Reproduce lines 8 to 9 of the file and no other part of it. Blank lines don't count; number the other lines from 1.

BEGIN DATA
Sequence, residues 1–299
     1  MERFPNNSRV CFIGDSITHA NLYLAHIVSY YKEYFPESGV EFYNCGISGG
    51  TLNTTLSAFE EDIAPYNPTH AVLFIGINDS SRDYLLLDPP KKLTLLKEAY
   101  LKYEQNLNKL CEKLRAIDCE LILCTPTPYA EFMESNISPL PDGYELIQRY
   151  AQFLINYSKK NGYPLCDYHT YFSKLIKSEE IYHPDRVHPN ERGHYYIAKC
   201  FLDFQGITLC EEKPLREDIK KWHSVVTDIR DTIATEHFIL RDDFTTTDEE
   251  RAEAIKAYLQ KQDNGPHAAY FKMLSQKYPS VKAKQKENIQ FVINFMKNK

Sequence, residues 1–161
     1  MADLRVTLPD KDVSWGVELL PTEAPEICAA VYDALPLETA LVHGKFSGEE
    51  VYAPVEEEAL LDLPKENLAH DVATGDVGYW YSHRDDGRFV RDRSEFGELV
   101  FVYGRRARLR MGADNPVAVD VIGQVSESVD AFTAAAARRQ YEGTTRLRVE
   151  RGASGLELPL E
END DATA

Sequence, residues 1–161
     1  MADLRVTLPD KDVSWGVELL PTEAPEICAA VYDALPLETA LVHGKFSGEE